How do we describe the atmosphere? We use temperature, pressure, wind, humidity and precipitation. All these are elements of weather and climate.
So here we learn about humidity and precipitation and what are all the differences are between these two.
What is Humidity?
How does the water cycle work in the atmosphere? How the hydrosphere and atmosphere interact with each other.
Water vapour is a very important component of the atmosphere. In most places, the amount of water vapour in the atmosphere varies over time and as part of changing weather patterns. In many places, in winter, it is dry and cold. In such places, our skin may feel itchy, dry, and it may crack. You will probably have experienced cracked lips for which you may have used lip balm, oil or vaseline etc; of some kind.
Combined with high temperature, it is water vapour that causes you to feel sultry and sweaty. When this happens we say it is ‘very humid’ or ‘the humidity is high’. But not all places are similar in this respect. Some places feel very dry (examples: deserts). The moisture (water vapour) in the atmosphere is derived from water bodies through evaporation and from plants through evaporation and plants through transpiration. Humidity is the amount of water vapour in the air. In high humidity, our sweat doesn’t cool us because it cannot evaporate. In humidity, we also feel more thirsty.
We express humidity not directly but using the concept of relative humidity. The relative humidity is the ratio between two things:
- The maximum water vapour that the air can hold at a given temperature and pressure, and of water vapour it holds at any given time.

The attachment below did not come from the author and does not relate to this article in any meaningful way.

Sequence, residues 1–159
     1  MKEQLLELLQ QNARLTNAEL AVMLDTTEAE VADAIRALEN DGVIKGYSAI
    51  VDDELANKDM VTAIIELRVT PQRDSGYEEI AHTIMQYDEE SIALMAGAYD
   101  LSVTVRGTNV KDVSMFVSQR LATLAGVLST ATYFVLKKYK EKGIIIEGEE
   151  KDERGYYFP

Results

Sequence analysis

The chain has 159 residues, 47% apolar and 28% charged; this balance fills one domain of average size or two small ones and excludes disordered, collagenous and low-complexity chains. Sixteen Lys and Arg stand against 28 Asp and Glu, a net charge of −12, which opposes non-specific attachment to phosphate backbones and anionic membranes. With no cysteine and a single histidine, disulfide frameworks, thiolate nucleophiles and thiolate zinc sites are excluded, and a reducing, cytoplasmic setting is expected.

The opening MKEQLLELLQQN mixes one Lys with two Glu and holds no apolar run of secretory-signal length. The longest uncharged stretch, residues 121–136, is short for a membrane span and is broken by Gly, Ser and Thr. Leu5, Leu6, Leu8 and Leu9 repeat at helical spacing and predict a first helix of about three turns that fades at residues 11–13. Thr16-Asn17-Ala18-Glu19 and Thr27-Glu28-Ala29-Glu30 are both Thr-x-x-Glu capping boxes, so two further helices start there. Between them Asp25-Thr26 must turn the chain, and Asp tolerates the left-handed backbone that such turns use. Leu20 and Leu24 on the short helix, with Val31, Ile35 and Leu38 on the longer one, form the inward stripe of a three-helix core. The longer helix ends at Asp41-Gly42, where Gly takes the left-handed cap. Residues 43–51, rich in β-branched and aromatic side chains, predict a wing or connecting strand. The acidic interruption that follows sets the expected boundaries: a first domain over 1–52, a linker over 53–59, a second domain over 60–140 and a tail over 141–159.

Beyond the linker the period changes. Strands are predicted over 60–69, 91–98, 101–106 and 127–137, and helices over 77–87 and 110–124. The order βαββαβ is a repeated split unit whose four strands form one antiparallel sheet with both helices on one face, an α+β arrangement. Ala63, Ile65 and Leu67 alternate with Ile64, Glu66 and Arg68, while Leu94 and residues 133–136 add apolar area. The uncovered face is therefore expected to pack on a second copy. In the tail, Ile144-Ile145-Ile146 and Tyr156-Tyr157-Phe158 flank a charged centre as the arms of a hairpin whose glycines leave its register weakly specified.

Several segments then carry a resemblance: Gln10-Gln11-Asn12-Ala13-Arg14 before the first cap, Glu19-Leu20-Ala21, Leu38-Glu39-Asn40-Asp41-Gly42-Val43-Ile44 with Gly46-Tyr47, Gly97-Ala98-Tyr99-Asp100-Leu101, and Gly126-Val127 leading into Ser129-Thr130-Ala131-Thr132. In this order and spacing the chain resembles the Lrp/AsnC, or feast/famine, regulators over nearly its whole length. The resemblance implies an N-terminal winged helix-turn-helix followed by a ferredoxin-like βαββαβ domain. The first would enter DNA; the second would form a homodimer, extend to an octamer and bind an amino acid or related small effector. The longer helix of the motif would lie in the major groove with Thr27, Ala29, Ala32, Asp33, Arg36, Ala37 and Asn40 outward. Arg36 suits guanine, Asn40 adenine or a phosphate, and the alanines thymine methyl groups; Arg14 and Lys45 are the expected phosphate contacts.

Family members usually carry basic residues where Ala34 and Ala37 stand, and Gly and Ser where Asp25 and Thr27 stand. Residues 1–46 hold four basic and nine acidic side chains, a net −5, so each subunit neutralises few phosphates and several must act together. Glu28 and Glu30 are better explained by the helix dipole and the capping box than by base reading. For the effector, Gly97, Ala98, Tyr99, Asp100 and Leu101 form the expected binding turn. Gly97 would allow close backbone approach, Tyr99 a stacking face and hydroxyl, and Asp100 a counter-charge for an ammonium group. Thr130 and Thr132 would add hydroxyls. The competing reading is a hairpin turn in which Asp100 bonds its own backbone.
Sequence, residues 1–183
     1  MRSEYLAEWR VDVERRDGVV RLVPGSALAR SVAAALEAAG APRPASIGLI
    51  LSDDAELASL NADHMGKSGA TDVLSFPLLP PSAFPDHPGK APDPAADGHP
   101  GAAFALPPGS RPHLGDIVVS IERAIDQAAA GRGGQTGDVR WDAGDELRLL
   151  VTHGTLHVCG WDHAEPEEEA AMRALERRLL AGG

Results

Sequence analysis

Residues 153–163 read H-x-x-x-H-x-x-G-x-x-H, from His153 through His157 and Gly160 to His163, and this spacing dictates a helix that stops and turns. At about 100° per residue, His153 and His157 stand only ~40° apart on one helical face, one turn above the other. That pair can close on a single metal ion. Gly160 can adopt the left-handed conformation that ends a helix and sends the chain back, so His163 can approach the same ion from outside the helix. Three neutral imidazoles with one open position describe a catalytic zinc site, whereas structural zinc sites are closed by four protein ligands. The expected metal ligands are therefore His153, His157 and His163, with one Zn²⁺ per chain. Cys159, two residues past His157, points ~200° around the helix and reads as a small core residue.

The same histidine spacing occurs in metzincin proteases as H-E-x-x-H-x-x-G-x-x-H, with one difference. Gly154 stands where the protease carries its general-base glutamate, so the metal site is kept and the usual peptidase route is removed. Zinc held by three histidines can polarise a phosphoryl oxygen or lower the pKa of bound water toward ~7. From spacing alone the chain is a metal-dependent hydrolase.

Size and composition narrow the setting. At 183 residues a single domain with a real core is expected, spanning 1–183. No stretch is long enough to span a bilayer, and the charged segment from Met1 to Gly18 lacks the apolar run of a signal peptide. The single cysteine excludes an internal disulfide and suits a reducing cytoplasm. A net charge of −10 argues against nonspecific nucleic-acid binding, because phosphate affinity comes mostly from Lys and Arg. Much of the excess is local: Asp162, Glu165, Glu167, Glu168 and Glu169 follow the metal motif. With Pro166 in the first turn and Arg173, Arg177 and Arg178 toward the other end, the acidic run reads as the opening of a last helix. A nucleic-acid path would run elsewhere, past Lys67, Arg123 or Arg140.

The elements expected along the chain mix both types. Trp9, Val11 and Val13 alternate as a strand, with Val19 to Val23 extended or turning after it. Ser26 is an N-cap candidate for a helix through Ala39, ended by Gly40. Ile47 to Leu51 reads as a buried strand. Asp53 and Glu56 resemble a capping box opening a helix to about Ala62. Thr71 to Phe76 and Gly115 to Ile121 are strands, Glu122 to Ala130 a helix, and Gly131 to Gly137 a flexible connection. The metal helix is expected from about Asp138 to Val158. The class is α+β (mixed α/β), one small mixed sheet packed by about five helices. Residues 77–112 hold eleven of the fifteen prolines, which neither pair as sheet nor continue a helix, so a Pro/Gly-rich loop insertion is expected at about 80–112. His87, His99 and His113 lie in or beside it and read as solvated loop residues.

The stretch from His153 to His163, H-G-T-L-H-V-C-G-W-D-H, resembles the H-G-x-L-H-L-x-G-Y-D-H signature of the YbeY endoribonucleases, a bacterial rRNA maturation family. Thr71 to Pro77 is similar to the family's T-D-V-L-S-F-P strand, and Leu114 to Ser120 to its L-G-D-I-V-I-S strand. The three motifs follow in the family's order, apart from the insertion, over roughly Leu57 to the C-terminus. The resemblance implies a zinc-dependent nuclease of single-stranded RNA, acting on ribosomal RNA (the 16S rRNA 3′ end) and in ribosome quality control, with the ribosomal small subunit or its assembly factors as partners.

- The actual amount of water vapour it holds at any given time.
What is Precipitation?
Condensation is the opposite of evaporation, as it involves the conversion of water vapour into droplets of water or crystal of ice. With condensation, the droplets get heavy and fall to earth as precipitation (from the Latin precipitation meaning to fall headlong, to plummet) – in the form of rain, snow, hail etc; if these droplets condense very close to earth’s surface, the droplets are lighter and we get fog.
Rainfall is the most common form of precipitation. When condensation takes place at a temperature below freezing point, water vapour condenses directly into ice crystals. These may fall down on the earth as powdery masses or flakes of snow. This form of precipitation is called snowfall. Snowfall is quite common in middle and high latitudes and mountain regions.
When rain falls through a cold layer of air near the earth’s surface, raindrops get frozen into ice and fall down. This form of precipitation is called sleet.
When there are strong vertical currents in the atmosphere, condensation takes place at high altitudes at low temperatures. Ice crystals grow in size gradually but do not fall down owing to ascending currents. Eventually, the ice crystals grow to a large size of a few centimetres in diameter and fall down as solid masses. This form of precipitation is called a hailstone. Hailstone causes damage to crops and buildings.
Let’s summarize the difference between Humidity and Precipitation
Difference between Humidity and Precipitation:
|Humidity is the amount of water vapor in the air.||Precipitation is falling out of the sky to the earth.|
|When humidity is high it means there is a lot of water vapor in the air. The air feels sticky and we sweat a lot||Sometimes clouds form near the surface of the earth. Such clouds are known as fog.|
|When humidity is low it means there is hardly any water vapor in the air. The air feels dry and our skin and lips start cracking||Snowfall takes place when water vapor cools so quickly that it turns directly into solid.|
|Humidity is measured using a dry and wet bulb hygrometer.||Rain is the most common form of precipitation. It is measured in millimeters using a rain gauge|
So, when we compare the terms humidity and precipitation it clarifies that humidity and precipitation are two different aspects that occur in atmospheres of different altitudes and regions.
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